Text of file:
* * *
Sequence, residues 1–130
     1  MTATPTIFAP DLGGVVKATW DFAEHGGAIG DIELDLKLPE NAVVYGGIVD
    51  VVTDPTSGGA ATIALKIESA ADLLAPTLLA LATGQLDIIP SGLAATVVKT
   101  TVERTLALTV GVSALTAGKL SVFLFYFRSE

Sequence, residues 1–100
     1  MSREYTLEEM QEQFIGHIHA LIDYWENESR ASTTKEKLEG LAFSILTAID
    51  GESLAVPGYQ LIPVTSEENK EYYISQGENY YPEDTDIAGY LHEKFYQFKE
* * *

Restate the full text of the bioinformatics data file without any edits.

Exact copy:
Sequence, residues 1–130
     1  MTATPTIFAP DLGGVVKATW DFAEHGGAIG DIELDLKLPE NAVVYGGIVD
    51  VVTDPTSGGA ATIALKIESA ADLLAPTLLA LATGQLDIIP SGLAATVVKT
   101  TVERTLALTV GVSALTAGKL SVFLFYFRSE

Sequence, residues 1–100
     1  MSREYTLEEM QEQFIGHIHA LIDYWENESR ASTTKEKLEG LAFSILTAID
    51  GESLAVPGYQ LIPVTSEENK EYYISQGENY YPEDTDIAGY LHEKFYQFKE